Migraines are severe, incapacitating headaches, usually beginning on one side of the head.
They are often accompanied by extreme sensitivity to light, sound and smells, nausea and vomiting, sleep disruption, as well as anxiety and depression. In its full-blown state, simple activities such as combing hair or shaving can be painful. Sometimes a migraine can be preceded by an “aura” (a visual disturbance that appears as flashing lights, zig-zag lines) or by a temporary loss of vision.
Approximately 10% of all Americans suffer from migraines, affecting women (mostly during the reproductive years) three times more often than men. The tendency to experience migraines often runs in families and may occur at any age, though they usually begin between the ages of 10 and 40 and diminish after age 50.
Migraine is often misdiagnosed as sinus headache and sometimes as tension headache.
What are the causes?
Much about the causes of headaches in general is not clear, but scientists now believe that migraines may be linked to inherited abnormalities. Researchers have also found that migraines may be caused by functional changes in the trigeminal nerve system (a major cranial nerve pathway) and by imbalances in certain neurotransmitters (brain chemicals that transmit signals between nerve cells in the brain and spinal cord).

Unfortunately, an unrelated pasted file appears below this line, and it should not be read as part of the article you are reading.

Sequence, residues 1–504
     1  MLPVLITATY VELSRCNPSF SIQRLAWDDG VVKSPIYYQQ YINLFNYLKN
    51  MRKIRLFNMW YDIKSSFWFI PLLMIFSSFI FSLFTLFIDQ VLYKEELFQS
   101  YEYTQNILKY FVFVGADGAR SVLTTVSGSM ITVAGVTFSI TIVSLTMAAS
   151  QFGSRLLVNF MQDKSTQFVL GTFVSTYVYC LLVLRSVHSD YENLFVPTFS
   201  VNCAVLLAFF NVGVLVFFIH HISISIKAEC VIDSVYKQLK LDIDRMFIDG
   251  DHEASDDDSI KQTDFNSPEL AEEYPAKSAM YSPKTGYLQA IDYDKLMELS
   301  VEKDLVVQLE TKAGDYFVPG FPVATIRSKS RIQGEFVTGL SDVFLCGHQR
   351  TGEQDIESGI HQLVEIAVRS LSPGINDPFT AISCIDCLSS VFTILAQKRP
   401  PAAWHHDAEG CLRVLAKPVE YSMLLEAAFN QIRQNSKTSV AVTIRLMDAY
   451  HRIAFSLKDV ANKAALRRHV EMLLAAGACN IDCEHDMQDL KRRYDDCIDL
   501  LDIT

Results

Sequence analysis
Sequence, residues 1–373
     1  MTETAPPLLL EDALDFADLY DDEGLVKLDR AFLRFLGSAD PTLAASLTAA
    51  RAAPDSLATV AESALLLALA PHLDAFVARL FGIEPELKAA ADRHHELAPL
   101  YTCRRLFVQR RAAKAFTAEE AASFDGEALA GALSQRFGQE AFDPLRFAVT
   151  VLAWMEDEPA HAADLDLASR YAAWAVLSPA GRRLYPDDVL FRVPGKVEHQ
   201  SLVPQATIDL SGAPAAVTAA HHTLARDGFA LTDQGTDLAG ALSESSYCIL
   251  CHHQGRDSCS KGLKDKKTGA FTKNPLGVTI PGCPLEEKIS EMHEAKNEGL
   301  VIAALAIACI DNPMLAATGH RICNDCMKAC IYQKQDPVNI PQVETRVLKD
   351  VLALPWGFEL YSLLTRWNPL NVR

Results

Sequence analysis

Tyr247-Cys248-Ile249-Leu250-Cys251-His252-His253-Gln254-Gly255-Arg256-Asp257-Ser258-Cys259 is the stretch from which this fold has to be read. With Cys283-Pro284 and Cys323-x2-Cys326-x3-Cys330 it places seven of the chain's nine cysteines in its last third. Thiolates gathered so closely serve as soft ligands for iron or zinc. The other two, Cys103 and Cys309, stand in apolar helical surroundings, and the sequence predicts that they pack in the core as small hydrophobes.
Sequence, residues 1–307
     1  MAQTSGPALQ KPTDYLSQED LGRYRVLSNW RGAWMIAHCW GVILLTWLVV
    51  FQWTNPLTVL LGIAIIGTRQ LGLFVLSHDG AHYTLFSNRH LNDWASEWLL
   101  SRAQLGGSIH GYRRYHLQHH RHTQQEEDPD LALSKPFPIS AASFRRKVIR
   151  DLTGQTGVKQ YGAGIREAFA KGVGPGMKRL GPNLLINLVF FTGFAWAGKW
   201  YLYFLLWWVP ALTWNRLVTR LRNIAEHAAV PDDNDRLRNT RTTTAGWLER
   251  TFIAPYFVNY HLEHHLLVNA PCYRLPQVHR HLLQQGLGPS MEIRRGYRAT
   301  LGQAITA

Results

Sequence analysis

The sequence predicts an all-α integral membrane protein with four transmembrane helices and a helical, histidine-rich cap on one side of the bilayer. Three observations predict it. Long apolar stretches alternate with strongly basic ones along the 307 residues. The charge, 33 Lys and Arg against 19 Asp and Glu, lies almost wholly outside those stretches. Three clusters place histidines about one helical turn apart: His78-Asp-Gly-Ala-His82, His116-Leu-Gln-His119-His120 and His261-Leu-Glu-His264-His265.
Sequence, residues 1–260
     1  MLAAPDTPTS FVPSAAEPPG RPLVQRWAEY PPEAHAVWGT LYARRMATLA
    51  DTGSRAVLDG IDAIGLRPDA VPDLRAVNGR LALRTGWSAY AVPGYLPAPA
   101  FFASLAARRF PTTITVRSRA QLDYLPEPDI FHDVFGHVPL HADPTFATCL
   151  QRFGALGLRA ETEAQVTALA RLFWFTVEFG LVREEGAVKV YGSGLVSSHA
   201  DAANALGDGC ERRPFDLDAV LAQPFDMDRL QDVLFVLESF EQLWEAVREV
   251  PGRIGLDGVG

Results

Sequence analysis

It is well known that migraines are frequently brought on by “triggers.” Migraine sufferers usually have recurring attacks, as frequently as several times a week, or as little as every few years. The triggers for recurrent migraines cover a wide range including stress or depression, inadequate sleep, irregular meals or certain foods, bright lights or excessive noise, hormonal changes, weather changes, or even daily use of headache-relieving medication.
What treatment options are available?
Migraine headache treatments have improved dramatically in the last decade. Although there’s still no cure, certain medications can help reduce the frequency of migraines and others can fairly reliably stop migraine pain once it has started. Injection procedures can stop, or at least reduce, migraine severity. Non-pharmacological approaches, such as nutritional counseling, hypnotherapy, massage therapy, and acupuncture, can also reduce symptoms and frequency.
For those patients whose migraine pain remains unresponsive to all other treatment techniques, peripheral nerve electrical stimulation (neuromodulation) may provide dramatic relief but requires a minor surgical procedure.
The introduction of occipital neuromodulation to our practice has resulted in dramatic results for many patients seeking treatment for their migraine pain.